Apparently they are not all that reticent about pushing themselves to the front in lines where others wait patiently. A friend of mine recently wrote about similar behavior by unruly people in the informal lines that form at Starbucks coffee shops during peak hours. There are always those who think that no matter how many folks are in line ahead of them, their order will be placed at the head of the queue, and they sometimes try to grab each coffee out-of-turn as it comes from the baristas, forcing other customers to claim their orders from their grip, all the while complaining bitterly about the indignity they are suffering at having to wait their turn, earning the enduring enmity of those who have come to know the informal rules of play at Starbucks.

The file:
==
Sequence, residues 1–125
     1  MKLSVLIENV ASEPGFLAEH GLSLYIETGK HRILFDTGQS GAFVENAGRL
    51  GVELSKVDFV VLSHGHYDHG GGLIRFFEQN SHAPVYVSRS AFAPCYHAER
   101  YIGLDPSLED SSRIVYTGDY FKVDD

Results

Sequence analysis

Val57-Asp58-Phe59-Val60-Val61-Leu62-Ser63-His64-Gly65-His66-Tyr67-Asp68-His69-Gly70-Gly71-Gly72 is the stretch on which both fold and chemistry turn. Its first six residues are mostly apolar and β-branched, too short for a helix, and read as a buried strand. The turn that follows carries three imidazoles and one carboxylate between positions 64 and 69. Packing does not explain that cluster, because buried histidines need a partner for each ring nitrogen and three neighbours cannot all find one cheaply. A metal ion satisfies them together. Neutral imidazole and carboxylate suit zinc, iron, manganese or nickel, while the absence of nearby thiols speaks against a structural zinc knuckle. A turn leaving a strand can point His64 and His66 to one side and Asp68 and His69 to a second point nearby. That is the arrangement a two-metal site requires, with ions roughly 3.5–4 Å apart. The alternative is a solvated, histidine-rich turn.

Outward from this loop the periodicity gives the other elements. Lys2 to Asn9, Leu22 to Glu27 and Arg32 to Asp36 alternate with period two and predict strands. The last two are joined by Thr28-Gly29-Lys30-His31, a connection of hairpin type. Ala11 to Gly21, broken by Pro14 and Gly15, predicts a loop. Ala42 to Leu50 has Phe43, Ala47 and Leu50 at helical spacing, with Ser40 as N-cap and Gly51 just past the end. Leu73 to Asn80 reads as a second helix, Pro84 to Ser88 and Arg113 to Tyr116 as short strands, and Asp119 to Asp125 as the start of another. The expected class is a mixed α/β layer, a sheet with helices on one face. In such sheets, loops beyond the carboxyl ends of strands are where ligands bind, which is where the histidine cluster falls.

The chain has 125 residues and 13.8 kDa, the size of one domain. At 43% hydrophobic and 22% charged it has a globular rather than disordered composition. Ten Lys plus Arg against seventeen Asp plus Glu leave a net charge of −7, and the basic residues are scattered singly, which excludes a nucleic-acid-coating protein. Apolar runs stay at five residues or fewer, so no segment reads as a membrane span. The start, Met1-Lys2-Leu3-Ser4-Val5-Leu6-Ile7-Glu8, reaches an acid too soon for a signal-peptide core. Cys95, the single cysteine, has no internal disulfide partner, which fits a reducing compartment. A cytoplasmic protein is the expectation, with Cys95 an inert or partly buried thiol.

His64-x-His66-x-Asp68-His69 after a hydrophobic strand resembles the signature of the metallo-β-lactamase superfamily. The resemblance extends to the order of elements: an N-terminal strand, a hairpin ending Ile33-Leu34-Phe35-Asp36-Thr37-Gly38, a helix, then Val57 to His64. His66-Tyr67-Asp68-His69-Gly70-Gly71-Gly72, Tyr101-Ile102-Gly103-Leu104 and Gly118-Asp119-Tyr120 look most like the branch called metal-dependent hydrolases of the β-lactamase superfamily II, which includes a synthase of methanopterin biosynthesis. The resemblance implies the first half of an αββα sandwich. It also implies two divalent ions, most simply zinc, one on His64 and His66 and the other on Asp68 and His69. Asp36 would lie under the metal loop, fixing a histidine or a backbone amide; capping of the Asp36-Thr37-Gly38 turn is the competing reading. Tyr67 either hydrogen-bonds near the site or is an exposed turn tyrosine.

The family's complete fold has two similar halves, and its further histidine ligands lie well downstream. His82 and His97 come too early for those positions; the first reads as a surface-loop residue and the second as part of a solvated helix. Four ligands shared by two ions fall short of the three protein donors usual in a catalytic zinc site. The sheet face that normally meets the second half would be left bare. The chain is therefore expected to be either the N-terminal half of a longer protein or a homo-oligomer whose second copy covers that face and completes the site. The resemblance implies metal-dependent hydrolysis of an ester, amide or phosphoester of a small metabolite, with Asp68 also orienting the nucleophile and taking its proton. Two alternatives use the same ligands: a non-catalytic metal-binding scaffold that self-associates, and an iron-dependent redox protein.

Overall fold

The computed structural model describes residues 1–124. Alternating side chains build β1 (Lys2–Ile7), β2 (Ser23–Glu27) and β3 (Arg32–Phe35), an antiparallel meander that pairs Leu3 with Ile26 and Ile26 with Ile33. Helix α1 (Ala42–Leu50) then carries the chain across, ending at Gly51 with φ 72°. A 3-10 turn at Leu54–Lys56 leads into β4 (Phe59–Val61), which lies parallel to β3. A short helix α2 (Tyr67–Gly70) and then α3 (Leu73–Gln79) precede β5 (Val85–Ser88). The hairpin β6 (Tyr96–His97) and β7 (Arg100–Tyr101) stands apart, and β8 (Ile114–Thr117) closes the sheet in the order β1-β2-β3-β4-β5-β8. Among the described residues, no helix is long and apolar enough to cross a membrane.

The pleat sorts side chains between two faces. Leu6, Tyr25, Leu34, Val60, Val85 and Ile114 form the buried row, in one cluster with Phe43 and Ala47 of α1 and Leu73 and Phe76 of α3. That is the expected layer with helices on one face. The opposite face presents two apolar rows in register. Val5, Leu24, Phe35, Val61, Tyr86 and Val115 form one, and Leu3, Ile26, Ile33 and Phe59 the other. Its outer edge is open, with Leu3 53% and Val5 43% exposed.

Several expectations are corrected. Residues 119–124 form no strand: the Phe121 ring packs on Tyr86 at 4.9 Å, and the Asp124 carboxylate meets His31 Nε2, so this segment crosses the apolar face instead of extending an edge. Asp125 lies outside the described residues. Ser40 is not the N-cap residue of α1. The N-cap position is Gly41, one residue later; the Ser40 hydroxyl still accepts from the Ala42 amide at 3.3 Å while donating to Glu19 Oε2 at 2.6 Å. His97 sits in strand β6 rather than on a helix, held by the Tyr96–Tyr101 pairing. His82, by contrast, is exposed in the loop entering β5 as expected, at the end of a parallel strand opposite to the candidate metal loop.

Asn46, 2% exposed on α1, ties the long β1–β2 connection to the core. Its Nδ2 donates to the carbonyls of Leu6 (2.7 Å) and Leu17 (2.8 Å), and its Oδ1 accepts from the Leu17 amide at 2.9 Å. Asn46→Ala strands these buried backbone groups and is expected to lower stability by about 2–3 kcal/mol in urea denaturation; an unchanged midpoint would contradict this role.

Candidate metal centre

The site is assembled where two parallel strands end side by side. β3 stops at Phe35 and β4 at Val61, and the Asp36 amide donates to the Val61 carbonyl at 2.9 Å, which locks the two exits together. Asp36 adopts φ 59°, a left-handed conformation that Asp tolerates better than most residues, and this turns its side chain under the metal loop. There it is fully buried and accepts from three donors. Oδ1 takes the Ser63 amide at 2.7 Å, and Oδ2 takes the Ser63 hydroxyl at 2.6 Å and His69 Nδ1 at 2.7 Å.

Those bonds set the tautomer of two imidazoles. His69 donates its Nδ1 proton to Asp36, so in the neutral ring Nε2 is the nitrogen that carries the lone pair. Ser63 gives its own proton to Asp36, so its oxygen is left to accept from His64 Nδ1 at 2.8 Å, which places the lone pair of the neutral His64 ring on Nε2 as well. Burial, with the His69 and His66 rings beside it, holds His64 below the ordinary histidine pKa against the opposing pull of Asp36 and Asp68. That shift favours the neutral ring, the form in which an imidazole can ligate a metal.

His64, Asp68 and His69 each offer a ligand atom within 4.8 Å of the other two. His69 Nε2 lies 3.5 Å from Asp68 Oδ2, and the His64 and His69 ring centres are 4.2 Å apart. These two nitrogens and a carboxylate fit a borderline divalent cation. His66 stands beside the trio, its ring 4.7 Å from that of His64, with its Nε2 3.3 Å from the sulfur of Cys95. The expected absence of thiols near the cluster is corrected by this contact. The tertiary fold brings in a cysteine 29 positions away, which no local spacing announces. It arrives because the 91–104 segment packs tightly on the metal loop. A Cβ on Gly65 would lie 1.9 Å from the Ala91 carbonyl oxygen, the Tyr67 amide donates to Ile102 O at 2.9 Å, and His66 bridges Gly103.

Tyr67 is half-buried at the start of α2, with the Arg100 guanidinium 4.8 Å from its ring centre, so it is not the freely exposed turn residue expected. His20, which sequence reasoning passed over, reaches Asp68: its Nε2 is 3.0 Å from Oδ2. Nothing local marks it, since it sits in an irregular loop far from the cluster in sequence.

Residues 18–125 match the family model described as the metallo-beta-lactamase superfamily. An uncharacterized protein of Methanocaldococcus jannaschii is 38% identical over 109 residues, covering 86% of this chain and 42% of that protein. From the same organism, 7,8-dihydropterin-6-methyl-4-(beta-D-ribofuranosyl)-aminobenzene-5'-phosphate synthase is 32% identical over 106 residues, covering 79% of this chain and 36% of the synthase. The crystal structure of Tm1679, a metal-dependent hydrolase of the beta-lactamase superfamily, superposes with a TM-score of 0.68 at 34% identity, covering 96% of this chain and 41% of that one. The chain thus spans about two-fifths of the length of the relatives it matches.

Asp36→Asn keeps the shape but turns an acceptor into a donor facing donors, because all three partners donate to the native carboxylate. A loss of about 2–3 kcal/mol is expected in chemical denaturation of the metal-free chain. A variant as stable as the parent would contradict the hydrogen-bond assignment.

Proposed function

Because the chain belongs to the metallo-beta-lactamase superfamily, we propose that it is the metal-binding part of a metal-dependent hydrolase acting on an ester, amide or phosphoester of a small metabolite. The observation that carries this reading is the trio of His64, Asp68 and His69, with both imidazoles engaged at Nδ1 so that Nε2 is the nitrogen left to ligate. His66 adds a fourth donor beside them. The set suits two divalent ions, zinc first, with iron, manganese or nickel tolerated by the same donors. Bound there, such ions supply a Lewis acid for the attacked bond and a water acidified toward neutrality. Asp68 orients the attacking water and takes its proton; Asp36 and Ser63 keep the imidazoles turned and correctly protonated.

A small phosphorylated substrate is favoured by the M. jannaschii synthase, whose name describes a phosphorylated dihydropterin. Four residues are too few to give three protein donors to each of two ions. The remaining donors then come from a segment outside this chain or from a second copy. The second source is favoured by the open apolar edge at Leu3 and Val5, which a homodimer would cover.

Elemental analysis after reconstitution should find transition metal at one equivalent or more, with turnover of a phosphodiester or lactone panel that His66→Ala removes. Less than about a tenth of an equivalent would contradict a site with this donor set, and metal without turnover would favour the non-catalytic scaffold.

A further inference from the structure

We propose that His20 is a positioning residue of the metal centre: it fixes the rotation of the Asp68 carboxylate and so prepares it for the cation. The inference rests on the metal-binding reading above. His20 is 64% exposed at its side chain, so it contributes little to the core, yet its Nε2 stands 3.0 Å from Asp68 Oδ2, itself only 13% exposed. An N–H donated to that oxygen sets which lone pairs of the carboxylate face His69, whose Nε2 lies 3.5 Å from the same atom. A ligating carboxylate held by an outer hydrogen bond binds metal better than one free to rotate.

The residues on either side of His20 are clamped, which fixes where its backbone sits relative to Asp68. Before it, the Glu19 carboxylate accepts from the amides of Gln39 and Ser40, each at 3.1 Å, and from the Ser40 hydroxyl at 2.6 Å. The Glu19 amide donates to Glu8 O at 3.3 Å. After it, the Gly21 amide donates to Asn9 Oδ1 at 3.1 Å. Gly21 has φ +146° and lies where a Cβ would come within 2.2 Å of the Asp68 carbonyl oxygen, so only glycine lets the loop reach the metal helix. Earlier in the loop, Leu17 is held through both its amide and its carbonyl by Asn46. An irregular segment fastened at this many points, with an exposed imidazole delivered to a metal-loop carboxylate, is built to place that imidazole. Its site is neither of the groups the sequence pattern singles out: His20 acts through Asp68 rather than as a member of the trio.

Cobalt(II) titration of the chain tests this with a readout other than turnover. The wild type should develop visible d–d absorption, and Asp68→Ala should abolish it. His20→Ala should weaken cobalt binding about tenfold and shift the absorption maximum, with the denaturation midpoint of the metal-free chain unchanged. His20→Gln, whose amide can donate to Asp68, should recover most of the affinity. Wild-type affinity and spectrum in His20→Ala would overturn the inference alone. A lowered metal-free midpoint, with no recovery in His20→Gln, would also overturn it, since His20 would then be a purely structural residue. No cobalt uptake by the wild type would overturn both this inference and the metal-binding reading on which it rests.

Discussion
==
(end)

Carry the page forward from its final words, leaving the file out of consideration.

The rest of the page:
These folks could all be poster children for the “everything revolves around me” generation. Advertising picks up on this, focusing the majority of ads toward strictly personal preference, without regard to the effect on others. One person has suggested that a better description of our current third millennium would simply be to call it the “ME-lennium,” a time when the individual and individualism are valued above all else.